Spanish Harlem Orchestra

122nd/Madison Ave

Camaradas - 1st Ave/115th

The Museum for African Art - 110th/5th Ave

Spanish Harlem


Spanish Harlem starts at 96th street from 5th Ave. to the East River and continues north to 116h street. Puerto Rican immigration after the First World War established an enclave at the western portion of Italian Harlem (around 110th Street and Lexington Avenue), which became known as Spanish Harlem. The area slowly grew to encompass all of Italian Harlem as Italians moved out and Hispanics moved in another wave of immigration after the Second World War. The region is now home to a new influx of immigrants from around the world. Yemeni merchants, for example, work in local convenience stores alongside immigrants from the Dominican Republic. Italians live next to the influx of Central and South American immigrant populations. Other businessmen and local neighbors can be Korean, Chinese or Haitian in origin. It is also home to one of the few major television studios north of midtown, Metropolis (106th St. and Park Ave.), where shows like BET's 106 & Park and Chappelle's Show have been produced. Major medical care providers include Metropolitan Hospital Center, North General Hospital and Mount Sinai Hospital, which serves residents of East Harlem and the Upper East Side.

what to do


It’s easy to find green places to hang out, as two large parks surround both the east and west of Spanish Harlem.  It is a short walk to The Conservatory Gardens in Central Park, as well as the Lasker Rink at 110th St – which in summertime is a pool and in the winter, a skating rink. Marcus Garvey Park, at 122nd St and Madison Ave, houses a full recreation center, amphitheater for live shows, exceptional rock formations and the only remaining fire tower built in the early 1900s.

Thomas Jefferson Park, located at 111th St and 1st Avenue, is a friendly neighborhood park packed to the brim with things to do.  On busy days, runners circle the track while groups of friends shoot hoops, hit balls, and take advantage of the baseball and handball courts. The small recreation center on its grounds offers a fitness room, exercise equipment, and classes for those looking for a good workout. Thomas Jefferson Park is also a wonderful resource for local children and features a substantial playground, complete with swings and slides galore, as well as plenty of spaces for jumping, climbing, and carrying on.  Inside the recreation center, the afterschool program provides more structured fun. And in the summer, the park takes on a whole new character when the outdoor pool is opened and families come out to use the barbeque grills and picnic tables.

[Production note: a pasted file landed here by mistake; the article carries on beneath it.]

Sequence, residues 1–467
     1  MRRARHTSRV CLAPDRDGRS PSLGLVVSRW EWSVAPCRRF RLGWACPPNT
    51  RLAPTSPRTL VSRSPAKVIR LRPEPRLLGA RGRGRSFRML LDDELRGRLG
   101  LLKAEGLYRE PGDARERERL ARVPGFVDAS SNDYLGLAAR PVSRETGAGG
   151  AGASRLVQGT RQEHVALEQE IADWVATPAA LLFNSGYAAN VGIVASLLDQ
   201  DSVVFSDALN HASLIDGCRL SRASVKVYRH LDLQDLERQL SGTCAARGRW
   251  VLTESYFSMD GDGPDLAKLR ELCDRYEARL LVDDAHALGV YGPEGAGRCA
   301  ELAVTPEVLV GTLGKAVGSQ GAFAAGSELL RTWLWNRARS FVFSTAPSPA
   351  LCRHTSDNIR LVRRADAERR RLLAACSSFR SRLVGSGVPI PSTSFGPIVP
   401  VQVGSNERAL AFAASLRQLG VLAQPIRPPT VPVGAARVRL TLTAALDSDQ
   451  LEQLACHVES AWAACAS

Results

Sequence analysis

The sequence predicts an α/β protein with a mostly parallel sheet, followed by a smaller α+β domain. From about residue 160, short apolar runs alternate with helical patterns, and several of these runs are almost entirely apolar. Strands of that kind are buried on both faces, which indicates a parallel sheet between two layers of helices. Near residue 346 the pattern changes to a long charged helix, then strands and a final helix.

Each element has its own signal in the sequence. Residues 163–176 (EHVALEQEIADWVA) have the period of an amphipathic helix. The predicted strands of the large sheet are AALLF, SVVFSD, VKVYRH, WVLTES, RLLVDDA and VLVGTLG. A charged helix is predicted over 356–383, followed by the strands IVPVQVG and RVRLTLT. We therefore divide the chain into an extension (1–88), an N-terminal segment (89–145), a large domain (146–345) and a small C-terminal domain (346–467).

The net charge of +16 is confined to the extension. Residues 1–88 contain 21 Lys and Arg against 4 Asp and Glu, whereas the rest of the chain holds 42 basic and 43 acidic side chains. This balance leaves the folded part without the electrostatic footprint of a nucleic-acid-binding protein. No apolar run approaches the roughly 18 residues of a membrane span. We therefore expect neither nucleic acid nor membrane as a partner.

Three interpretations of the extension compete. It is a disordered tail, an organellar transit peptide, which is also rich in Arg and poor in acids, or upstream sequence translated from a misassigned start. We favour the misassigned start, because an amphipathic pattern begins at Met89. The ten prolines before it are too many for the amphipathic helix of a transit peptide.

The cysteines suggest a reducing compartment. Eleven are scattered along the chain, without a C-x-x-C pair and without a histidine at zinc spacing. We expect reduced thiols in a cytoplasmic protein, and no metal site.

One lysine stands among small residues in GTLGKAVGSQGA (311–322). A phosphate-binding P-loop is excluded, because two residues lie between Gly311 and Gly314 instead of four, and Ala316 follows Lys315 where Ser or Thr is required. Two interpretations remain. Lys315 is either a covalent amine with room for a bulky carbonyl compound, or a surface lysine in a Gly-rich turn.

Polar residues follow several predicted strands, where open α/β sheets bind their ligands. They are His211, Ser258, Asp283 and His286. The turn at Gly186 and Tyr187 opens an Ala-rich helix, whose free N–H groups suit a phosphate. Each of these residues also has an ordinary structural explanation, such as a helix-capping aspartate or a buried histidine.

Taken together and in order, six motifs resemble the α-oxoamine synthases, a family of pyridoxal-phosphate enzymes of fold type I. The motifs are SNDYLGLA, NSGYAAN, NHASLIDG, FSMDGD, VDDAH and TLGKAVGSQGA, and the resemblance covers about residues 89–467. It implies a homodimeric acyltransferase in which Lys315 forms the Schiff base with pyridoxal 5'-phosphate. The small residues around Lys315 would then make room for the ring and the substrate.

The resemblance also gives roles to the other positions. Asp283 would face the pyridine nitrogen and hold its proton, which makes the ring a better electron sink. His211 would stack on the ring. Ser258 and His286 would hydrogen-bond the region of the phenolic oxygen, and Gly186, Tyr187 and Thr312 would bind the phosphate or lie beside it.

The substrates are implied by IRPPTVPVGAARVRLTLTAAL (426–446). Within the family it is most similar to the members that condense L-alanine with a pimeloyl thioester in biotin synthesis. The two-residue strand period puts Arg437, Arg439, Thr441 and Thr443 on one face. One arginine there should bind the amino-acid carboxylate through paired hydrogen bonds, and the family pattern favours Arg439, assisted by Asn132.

In Spanish Harlem, you don’t have to catch the subway to have some fun.  Camarades (2241 1st Avenue at 115th St.) is home to traditional Puerto Rican and Nuevo Latino cuisine, live music, DJ’s and great art exhibits. For some late night jazz make sure to visit the Creole Restaurant and Music Supper Club at 2167 Third Avenue and 118th St., where live jazz from some of the city’s best musicians runs till 2am. The Amor Cubano Restaurant at 2018 3rd Ave at 111th St. has a great house band and the place is always grooving!


To experience the real culture of El Barrio, spend the afternoon at El Museo Del Barrio (1230 Fifth Ave. and 104th St.) Right down the block is the Museum of the City of New York (1220 Fifth Avenue,) as well as numerous museums along Museum Mile, running along Fifth Ave. from  82nd St to 105th St.  Be sure to check out the stunning exhibits at The Museum for African Art on 110th St and 5th Ave.  Boys and Girls Harbor at 1 East 104th Street has classes in dance, music and culture, and is home to New York’s legendary salsa musicians; performances and rehearsals are open to the public.  Taller Boricua / Puerto Rican Workshop at The Julia De Burgos Latino Cultural Center (1680 Lexington Ave. and 105th St.) offers many cultural events, exhibits, and features a fantastic music and dancing series., the 12-year old, award-winning web site on the history and culture of Puerto Ricans, altered the cultural landscape of East Harlem with the founding of its new media gallery and digital film studio called MediaNoche in 2003. MediaNoche continues to present technology-based art on Park Avenue and 102nd Street, providing exhibition space and residencies for artists and filmmakers working in new media.

where to eat/drink

Ricardo’s Steakhouse (2nd Ave between 110 and 111th Streets)
La Corsa (E.110th between Park and Lexington)
East Harlem Café (Lexington between 104th and 105th Streets)
Love Café (Pleasant Ave between 115th and 116th Ave)
Savoy Bakery (110th between Lexington and 3rd Ave)
La Tropezienne (1st Ave & 109th St)
Las Delicias Mexicanas (3rd Ave & 115th)
Lexington Social Food and Drink (Lexington & 103rd)
Camarades El Barrio (115th and 1st Ave)


Trains: The 4,5,6 Trains run along Lexington Ave. The 4,5 Trains run express and stop at 86th St and 125th St, and the 6 Train is local and stops at 96th, 103rd, 110th, 116th, and 125th St.
Buses: The M15 bus runs north along 1st Ave and south on 2nd Ave. The M101, M102, and M103 buses run north on 3rd Ave and south on Lexington Ave. On Madison Ave the M1 bus runs north and south along 5th Ave. The M2, M3, and M4 buses head north on Madison Ave, and south on 5th Ave. On 96th St the M96 runs east and west and heads across Central Park to the Upper West Side. The M106 bus runs crosstown along E.106th St and then cuts across the park at 96th St. On 116th St the M116 bus runs crosstown across 116th St.